The film itself is an Al Adamson patchwork job. He liked an unreleased Filipino movie directed by Rolf Bayer called Tagani from 1956 (goodness knows why) so he bought the rights out of his own pocket and shot a load of new footage (at least half of this movie, maybe a bit more) to add to it, creating a new storyline which is both ridiculous (that is to say, even more ridiculous) than the original and that also doesn’t really hold together that well as a single, focused through line. He also added footage from some other films as well such as Man And His Mate and Unknown Island but, well, if there was ever a case for less is more then maybe this film would go some way towards demonstrating that idea.
Okay, so somebody in distribution must have wanted a horror picture because the first five minutes of Adamson's footage is about vampires on the streets and, although the IMDB seems to have the plot summarised pretty easily, I can’t say I came away with an impression as to why it’s here at all, other than to say the vampires (one of whom is Adamson himself, in a cameo) come from another planet and are bringing their disease of blood drinking to Earth. If they’re meant to resemble any of the creatures in the spliced in footage from other films well... it would be a huge leap of faith, for sure. There are no real vampires on the planet on which our ‘intrepid crew of explorers’ end up journeying to, apart from... no, I’ll save that bit for later.
So John Carradine leads a crew, including Bishop, to another planet to inspect the Spectra Solar System he has discovered. At ‘mission control’, Robert Dix and Vicki Volante communicate with pseudo-scientific babble and keep tabs on the crew. Actually, let me tell you about mission control for a minute because, frankly, most of the time it’s a static photo of the backs of two actors' heads from another film while a television screen image of the one or other of the crew are either superimposed onto or, possibly, just showing through a TV shaped hole in the picture. This then doesn’t match in any way with the single shots of the front of Dix and Volante’s heads as they talk their space race drivel when cut to. They are both seen head and shoulders only with some kind of black drape cloth behind them and, if I said this is worse than anything you can expect to see in an Ed Wood movie then, yeah, maybe you’ll get some idea of what this movie is like. The two are never seen in the same shot at the same time in their mission control setting, which makes me think that there was only a small amount of black backdrop to go around and they both just filmed their scenes sitting on the same stool in a photo studio.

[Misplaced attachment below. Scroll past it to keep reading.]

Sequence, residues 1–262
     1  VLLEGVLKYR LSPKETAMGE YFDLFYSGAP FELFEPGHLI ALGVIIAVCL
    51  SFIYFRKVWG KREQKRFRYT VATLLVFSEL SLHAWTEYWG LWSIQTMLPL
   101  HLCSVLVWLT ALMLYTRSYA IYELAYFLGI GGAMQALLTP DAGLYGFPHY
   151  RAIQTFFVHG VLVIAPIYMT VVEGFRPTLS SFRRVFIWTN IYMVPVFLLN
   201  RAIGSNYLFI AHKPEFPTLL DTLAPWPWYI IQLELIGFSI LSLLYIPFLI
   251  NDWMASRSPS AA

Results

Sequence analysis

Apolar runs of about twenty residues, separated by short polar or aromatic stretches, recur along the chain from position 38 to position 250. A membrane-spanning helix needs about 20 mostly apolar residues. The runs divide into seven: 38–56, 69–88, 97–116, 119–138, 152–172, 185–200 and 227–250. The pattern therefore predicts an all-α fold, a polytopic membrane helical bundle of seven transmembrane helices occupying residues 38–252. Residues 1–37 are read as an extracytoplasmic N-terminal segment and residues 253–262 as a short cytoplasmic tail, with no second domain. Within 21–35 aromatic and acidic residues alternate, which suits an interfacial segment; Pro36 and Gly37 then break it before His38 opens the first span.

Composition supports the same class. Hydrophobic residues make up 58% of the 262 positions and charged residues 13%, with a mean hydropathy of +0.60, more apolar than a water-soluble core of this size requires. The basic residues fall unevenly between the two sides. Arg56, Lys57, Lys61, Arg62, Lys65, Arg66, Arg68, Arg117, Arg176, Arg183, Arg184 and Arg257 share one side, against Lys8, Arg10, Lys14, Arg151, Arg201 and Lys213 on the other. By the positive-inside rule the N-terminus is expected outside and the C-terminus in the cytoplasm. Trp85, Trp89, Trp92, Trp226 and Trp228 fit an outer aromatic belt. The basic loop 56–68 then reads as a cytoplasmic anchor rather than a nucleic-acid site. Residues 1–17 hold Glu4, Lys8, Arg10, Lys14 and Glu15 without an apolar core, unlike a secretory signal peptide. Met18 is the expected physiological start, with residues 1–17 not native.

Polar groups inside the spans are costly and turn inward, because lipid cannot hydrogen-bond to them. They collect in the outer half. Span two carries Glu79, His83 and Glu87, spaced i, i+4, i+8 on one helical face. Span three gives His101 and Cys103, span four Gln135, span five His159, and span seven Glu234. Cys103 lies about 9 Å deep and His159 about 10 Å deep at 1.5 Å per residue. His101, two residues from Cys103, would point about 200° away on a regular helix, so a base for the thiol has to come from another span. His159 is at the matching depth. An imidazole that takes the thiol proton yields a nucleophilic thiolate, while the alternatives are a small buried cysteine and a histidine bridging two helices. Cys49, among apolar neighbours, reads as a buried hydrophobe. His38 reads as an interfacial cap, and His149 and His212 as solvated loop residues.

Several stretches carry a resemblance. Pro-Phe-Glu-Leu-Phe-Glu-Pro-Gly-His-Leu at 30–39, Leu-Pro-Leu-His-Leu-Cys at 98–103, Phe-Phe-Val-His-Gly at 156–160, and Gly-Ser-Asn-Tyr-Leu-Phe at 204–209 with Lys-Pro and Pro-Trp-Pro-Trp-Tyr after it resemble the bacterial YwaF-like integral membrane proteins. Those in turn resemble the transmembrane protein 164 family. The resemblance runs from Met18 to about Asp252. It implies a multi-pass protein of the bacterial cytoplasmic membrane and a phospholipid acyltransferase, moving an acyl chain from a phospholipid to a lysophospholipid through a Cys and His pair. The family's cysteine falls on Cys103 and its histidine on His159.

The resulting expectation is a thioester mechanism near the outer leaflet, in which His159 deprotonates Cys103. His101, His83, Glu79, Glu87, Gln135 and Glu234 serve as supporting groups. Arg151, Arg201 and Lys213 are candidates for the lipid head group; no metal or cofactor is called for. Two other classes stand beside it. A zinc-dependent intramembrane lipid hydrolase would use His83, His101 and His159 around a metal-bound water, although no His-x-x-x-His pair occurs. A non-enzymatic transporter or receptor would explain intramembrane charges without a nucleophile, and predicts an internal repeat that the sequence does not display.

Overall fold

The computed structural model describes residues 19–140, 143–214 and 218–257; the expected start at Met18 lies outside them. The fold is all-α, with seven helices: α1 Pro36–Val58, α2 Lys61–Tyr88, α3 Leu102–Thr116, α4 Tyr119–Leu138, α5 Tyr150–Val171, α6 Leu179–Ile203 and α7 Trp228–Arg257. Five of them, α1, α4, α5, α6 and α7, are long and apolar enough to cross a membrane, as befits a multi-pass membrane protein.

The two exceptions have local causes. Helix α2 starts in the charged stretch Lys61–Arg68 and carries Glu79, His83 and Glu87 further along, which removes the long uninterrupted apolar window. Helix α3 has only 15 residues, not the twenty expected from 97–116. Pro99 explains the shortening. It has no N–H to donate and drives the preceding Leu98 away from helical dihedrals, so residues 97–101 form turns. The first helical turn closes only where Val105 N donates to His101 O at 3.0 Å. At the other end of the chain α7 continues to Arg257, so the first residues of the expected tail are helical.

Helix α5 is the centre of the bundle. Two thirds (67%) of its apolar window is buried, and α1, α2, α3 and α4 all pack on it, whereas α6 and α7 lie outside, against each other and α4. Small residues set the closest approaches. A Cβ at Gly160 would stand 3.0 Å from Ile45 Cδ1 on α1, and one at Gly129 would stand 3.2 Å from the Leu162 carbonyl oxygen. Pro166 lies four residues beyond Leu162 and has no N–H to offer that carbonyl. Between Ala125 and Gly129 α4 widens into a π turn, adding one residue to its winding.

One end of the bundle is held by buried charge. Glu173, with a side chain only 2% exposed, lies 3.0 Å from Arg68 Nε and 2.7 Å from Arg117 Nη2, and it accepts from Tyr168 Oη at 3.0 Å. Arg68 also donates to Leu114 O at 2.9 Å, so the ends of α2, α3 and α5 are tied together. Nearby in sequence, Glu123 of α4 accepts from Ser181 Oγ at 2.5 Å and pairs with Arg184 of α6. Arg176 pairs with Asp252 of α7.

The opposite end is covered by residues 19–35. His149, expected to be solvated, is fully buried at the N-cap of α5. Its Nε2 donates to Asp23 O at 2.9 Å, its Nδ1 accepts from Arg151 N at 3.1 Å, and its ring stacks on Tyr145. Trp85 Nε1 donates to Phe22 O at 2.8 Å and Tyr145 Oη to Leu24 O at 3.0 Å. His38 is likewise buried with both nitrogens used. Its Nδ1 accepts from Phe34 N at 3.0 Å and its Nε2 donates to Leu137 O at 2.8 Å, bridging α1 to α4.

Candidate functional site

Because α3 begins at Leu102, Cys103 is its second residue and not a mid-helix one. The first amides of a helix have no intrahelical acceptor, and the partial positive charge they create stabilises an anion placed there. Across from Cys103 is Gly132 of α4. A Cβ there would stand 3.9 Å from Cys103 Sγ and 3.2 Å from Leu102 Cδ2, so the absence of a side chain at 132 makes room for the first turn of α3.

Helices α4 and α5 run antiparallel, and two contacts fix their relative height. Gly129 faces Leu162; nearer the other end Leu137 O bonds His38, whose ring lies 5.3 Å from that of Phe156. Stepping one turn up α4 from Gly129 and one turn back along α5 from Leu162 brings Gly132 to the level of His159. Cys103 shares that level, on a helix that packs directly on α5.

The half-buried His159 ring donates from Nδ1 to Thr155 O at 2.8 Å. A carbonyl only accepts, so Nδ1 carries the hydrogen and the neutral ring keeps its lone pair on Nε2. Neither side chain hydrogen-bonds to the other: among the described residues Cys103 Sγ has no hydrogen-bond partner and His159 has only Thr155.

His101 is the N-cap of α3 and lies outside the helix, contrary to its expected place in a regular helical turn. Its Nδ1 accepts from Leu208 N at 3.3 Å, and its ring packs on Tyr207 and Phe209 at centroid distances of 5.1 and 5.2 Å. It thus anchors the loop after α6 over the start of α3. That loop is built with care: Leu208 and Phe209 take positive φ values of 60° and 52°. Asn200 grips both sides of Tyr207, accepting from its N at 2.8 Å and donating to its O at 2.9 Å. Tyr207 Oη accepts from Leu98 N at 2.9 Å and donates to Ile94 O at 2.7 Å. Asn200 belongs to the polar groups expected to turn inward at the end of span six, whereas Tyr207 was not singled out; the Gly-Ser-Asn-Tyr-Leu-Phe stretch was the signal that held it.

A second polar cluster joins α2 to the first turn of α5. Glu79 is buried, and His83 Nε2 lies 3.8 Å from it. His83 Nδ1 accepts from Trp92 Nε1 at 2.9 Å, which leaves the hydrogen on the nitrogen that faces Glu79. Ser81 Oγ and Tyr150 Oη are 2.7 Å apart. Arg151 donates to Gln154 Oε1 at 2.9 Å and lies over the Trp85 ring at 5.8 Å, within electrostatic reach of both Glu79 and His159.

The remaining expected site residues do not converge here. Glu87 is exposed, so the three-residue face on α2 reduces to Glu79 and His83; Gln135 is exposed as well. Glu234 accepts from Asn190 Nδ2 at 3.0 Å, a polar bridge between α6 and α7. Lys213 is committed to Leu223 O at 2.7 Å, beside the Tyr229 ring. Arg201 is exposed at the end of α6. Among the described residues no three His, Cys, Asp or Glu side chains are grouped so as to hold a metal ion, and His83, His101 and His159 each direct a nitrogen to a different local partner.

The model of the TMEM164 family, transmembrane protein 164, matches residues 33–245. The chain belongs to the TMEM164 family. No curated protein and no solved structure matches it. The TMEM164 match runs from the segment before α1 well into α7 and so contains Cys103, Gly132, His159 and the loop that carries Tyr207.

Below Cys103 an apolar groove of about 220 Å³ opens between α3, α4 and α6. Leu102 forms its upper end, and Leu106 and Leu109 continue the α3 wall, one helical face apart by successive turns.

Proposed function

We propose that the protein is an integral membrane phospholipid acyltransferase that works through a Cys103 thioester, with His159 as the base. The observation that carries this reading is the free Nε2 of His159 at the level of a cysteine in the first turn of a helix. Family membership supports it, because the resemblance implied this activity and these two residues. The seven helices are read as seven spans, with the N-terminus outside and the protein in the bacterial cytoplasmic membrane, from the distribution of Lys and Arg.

However, when a couple of completely random scenes of Dix and Volante having tame sex are inserted for, from what I can make out, absolutely no reason whatsoever, they do at least share a screen. And a bed. And also this is the one time you might get a sense that this film is supposed to be set in our future as the two have ‘future sex’, which means they roll around kissing but have electrodes fitted to their heads with bright lights and beepy sounds. At one point, one of them confesses to making love in the ‘old way’ but, honestly, I’m past caring by this stage. And if I’m not even interested in the sex scenes in a movie, well... they’ve really lost me.
Meanwhile, the heroes have reached the planet and their footage is intercut and merges seamlessly with footage about two warring tribes on a prehistoric Earth, some of whom have tusks for teeth and look just like the three beast-men Buster Crabbe fights at the end of episode one of the 1936 serial Flash Gordon (which I reviewed here). But, you know, a lot worse. And when I say seamlessly, well... there were traces of irony and sarcasm to be found in that sentence I’m afraid because... okay... so did I mention that the footage from Tagami is in black and white. So, when our crew get to the planet they are also in black and white but... drive-ins wanted colour movies for their shows so everybody on the planet (other footage included), are tinted in different colours throughout like an old silent movie... which is somehow explained (or attempted to be explained) by the fact that the atmosphere of the planet emits some kind of chromatic radiation which means everything looks like hand tinted monochrome that constantly changes from red to green to yellow etc. Um... yikes.